A Pilot study of Metoclopramide in the Treatment of Tourette Syndrome

Grant Type
Grant Year
Institution Location
Institution Organization Name
University of Western Ontario Canada
Investigators Name
Nicolson, Rob, MD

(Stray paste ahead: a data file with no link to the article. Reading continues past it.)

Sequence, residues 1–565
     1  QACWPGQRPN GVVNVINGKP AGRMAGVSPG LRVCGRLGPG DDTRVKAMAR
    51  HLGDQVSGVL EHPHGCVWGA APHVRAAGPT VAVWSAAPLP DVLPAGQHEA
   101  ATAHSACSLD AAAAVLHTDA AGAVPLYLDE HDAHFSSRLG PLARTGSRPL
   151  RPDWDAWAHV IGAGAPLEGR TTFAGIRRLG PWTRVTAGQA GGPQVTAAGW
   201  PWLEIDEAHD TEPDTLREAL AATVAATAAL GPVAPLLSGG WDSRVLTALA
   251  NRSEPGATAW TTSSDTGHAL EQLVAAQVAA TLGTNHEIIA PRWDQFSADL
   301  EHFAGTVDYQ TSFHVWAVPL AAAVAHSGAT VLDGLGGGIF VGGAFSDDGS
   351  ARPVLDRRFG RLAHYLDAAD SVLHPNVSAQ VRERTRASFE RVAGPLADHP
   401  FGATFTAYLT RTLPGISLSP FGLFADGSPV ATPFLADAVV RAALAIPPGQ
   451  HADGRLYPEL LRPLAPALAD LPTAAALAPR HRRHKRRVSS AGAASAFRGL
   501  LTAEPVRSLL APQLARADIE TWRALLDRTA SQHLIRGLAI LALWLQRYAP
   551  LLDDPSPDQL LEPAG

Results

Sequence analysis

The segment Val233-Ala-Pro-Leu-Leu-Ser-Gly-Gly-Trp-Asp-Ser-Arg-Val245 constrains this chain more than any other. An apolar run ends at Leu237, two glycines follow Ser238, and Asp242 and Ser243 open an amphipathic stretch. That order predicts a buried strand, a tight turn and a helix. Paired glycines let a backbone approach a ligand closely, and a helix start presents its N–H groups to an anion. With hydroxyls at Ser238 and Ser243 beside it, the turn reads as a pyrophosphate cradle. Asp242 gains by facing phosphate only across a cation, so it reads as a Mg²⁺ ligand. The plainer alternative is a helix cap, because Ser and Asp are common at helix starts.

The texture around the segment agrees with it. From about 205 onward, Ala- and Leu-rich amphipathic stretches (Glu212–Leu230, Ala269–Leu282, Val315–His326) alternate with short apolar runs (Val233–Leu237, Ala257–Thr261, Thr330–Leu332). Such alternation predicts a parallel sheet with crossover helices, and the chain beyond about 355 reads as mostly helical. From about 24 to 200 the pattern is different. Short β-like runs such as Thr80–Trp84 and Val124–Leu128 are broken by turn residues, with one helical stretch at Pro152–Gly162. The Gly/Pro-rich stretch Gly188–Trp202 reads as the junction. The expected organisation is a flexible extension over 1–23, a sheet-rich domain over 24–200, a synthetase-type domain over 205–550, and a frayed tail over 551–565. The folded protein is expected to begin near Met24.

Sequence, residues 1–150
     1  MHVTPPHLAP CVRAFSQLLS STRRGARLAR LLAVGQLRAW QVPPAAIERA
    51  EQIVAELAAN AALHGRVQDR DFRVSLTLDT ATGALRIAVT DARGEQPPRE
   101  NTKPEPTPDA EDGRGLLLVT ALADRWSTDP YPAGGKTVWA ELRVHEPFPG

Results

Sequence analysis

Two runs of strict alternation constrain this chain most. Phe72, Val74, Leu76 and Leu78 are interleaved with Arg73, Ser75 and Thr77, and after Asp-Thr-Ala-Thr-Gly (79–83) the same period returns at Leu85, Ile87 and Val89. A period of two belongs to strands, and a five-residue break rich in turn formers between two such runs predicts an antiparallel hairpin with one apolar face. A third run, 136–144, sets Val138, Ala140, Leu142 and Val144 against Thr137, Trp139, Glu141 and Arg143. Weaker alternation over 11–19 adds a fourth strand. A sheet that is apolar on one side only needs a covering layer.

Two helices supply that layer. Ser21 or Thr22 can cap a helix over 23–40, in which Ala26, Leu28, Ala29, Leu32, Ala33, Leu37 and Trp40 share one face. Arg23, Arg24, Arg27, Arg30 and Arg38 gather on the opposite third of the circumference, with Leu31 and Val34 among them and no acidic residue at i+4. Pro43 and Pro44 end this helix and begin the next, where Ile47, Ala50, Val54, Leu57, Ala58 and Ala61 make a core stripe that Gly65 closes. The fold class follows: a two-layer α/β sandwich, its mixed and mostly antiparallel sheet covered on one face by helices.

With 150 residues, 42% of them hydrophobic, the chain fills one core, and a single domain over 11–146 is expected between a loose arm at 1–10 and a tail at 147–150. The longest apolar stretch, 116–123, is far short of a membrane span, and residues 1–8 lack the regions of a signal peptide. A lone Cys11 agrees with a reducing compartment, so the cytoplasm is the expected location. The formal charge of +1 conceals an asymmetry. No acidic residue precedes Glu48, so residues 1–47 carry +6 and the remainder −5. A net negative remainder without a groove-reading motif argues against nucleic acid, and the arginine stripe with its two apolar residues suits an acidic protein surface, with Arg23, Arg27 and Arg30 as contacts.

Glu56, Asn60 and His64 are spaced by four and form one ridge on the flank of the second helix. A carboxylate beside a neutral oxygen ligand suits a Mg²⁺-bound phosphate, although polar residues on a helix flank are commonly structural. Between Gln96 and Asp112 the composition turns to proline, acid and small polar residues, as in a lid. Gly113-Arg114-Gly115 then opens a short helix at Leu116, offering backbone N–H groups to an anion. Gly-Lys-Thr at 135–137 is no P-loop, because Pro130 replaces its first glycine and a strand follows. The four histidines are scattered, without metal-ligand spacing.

The pharmacological treatment of Tourette Syndrome and tic disorders is often limited by unwanted side effects. In particular, moderate-tosevere tic disorders generally require treatment with antipsychotics, which often produce cognitive dulling and dysphoria. Metoclopramide is a dopamine antagonist similar to antipsychotic medications. However, it seems to have different effects in certain brain regions than traditional antipsychotic medications. Its profile suggests efficacy in the treatment of tic disorders with minimal cognitive and affective adverse effects. Anecdotal clinical experience supports this hypothesis, but there have been no controlled studies of metoclopramide in the treatment of tic disorders. The purpose of this study is to evaluate the efficacy and tolerability of metoclopramide in children and adolescents with Tourette Syndrome or chronic tic disorders. Thirty patients aged 7 to 17 years will be randomly assigned to receive either metoclopramide or placebo for 56 days. Metoclopramide will be initiated at a dose of 5 mg/day and flexibly titrated to a maximum of 40 mg day. Behaviourial ratings, completed at baseline and 2,4,6, and 8 weeks after the initiation of the study, will include the Yale Global Tic Severity Scale, the Clinical Global Impressions Severity Scale for Tourette’s Syndrome, the Drug Attitude Inventory, the Yale-Brown Obsessive-Compulsive Scale, and the Conners Parent Rating Scale. We hypothesize that metoclopramide will be significantly more effective than placebo in the treatment of tic disorders, and that there will be no significant difference between metoclopramide and placebo in terms of cognitive and affective adverse effects. If these hypotheses were confirmed, they could provide support for Metoclopramide as an effective treatment for tic disorders with less treatment-limiting side effects. Rob Nicolson, M.D. University of Western Ontario, London, Ontario, Canada Award: $22,345 Tourette Association of America Inc. – Research Grant Award 2001-2002